By Katherine Hur
Carmel High School students Annie Dougherty and Clara Rozmaryn recently earned the highest Girl Scout honor — the Gold Award.
The award is bestowed on Scouts who complete 100 hours of individual work.
“That’s what (the award) means to me — it’s my own commitment,” Dougherty said.
“We all made the decision to do it ourselves, so it’s a big sense of personal accomplishment,” Rozmaryn said.
The Carmel High School seniors, who have been in Troop 1243 together since first grade, were honored at the Indianapolis Zoo and presented with congratulatory letters from Gov. Eric Holcomb, Lt. Gov. Suzanne Crouch and NASA.
Clearing the path
Dougherty’s project took place in a 100 percent volunteer-run, organic garden behind Carmel Middle School, where she attended.
“The path gets very overgrown with weeds, and because it’s organic, they can’t put chemicals on the ground,” she said.
After meeting with the head gardener and a soil expert, she planned an efficient, organic and lasting way to prevent weed growth.
Before she could start tilling, she had to clear out the weeds.
“If you till nettle or thistle, then it just gets chopped up into 1,000 different new thistles,” she said.
She layered biodegradable cardboard and then woodchips onto the soil.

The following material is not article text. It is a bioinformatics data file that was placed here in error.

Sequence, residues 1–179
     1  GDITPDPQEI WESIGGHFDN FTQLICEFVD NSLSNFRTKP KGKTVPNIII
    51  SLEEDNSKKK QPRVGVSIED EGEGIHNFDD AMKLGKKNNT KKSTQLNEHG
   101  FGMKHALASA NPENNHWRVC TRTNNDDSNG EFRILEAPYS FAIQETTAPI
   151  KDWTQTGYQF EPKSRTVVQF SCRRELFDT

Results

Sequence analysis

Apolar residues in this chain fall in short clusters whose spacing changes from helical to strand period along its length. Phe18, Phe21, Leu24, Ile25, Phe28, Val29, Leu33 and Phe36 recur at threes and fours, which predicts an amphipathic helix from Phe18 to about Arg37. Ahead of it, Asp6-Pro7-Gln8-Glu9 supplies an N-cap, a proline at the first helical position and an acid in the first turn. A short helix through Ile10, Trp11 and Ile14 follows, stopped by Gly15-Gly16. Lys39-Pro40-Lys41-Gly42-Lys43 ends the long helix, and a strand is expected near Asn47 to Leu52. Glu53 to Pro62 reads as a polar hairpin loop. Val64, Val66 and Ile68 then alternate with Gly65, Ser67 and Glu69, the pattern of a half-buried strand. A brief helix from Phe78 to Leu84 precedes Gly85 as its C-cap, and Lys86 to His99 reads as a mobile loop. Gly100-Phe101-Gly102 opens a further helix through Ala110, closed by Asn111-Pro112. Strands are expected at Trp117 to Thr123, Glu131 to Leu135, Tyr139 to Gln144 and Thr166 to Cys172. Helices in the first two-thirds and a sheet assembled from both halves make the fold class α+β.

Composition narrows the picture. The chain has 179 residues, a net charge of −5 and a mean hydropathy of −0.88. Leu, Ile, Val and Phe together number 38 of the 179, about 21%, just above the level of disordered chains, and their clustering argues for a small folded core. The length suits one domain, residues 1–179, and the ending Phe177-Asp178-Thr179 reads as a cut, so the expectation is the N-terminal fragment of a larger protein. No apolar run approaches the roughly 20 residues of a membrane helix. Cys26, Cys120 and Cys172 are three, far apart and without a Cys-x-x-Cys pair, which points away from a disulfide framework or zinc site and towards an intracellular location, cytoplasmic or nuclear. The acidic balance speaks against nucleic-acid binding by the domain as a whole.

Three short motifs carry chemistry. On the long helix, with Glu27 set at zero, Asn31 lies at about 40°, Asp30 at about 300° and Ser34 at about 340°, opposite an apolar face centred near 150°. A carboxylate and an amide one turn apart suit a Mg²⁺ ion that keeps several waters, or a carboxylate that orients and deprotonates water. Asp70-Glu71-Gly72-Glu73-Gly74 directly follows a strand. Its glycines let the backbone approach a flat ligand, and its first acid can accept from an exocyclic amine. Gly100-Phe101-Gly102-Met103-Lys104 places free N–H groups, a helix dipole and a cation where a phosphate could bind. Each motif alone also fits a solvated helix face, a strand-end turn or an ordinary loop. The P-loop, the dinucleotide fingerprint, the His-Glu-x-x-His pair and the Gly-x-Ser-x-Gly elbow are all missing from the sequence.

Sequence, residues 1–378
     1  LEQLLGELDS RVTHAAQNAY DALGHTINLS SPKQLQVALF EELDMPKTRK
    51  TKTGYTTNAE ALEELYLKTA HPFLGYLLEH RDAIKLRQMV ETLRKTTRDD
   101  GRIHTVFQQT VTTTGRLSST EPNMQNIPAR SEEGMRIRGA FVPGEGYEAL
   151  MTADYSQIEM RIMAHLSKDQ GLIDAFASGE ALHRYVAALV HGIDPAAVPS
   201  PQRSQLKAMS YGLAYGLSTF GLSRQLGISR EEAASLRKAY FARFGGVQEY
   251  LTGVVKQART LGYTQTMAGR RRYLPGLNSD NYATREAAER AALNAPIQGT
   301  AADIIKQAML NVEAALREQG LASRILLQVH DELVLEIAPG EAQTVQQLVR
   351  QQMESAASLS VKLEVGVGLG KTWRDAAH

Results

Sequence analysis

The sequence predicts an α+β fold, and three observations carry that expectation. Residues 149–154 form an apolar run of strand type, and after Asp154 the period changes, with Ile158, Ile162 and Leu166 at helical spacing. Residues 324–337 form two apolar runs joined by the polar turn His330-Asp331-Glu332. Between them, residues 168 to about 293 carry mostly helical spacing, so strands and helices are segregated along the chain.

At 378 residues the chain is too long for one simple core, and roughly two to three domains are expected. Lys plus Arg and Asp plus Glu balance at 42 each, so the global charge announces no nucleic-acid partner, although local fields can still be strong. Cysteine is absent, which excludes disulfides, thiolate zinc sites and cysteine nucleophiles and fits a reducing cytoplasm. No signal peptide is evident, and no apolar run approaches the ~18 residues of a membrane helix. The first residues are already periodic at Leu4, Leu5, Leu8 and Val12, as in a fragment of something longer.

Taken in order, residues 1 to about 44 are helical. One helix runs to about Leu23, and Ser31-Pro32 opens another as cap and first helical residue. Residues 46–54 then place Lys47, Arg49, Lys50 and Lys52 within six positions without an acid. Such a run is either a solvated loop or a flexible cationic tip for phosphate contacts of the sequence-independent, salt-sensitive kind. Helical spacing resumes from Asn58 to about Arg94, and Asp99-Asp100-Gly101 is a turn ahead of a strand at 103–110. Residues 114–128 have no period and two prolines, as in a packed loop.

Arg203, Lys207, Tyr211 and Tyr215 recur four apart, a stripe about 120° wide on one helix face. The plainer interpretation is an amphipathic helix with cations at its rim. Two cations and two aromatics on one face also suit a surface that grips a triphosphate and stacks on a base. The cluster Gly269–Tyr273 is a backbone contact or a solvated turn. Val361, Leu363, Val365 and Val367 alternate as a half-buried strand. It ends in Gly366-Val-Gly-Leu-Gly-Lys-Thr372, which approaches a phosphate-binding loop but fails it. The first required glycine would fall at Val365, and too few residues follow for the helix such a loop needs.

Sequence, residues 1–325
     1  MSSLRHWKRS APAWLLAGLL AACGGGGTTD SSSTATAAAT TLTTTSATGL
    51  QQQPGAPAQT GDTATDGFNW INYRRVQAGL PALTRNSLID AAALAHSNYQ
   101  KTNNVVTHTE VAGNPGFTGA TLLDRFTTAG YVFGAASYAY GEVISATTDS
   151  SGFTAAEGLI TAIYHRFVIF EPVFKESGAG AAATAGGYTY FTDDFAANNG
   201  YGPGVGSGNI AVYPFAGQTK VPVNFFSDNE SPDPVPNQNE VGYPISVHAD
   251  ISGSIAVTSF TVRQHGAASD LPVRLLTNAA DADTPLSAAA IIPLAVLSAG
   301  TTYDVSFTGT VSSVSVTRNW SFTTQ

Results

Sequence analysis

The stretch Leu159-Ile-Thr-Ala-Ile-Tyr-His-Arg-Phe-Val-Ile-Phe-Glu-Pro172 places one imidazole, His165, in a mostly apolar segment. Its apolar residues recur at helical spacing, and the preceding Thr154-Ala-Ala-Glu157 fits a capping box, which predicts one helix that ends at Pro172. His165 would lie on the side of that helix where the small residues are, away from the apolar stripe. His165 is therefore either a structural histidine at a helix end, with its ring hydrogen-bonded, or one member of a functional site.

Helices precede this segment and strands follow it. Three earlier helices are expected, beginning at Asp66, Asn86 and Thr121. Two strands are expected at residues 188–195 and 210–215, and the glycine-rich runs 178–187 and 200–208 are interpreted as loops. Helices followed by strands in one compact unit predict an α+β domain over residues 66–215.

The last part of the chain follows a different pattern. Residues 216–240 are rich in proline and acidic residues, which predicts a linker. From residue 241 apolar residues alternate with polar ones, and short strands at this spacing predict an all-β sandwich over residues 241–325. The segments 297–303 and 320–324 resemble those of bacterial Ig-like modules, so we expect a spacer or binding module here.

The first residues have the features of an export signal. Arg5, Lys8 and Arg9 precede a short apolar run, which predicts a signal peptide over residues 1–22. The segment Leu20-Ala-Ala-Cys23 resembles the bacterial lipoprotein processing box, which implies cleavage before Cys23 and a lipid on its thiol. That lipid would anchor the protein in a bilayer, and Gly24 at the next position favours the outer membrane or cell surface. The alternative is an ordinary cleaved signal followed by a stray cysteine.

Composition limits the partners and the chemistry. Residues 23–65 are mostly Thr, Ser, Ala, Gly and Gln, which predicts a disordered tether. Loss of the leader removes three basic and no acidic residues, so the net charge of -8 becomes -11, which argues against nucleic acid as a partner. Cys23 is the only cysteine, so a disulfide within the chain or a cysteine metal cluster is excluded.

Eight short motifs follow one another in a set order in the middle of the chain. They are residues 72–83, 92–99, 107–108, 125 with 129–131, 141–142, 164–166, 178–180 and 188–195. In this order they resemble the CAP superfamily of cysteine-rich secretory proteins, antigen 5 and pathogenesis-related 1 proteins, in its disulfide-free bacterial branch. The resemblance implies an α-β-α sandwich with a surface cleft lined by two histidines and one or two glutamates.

“It’s lasting and it’s working, so I think I helped (the garden committee) find a better solution.”
Painting the Word
The idea for Rozmaryn’s project was formed when the wing connecting her old preschool and a Methodist church underwent construction.
“They had to break down a bunch of walls to do that,” she said, noting that a recently drawn mural was removed in the process.
“You walked in the building, and it was just these massive blank walls,” she said.
To make the appearance more inviting to visitors and children, she worked with the children’s ministry director to paint four new murals.
Utilizing the art style of a book from the preschool’s Bible study curriculum, she digitally planned a design and had it approved by the staff and preschool teachers.
With the help of volunteers, she painted four different Bible stories, including Noah’s Ark and the Garden of Eden.
In addition, she created an interactive sheet that contains story explanations, questions and scavenger hunts. She wants to show preschoolers that “art doesn’t just have to be something boring. It can have a story behind it.”
Dougherty and Rozmaryn want to continue spreading their influence next year. Dougherty aspires to make the National Honor Society, while Rozmaryn is encouraging her younger sister to follow in her footsteps.
“If you want to put in the work, it’ll have its benefits,” Dougherty said. “You’ll learn so much.”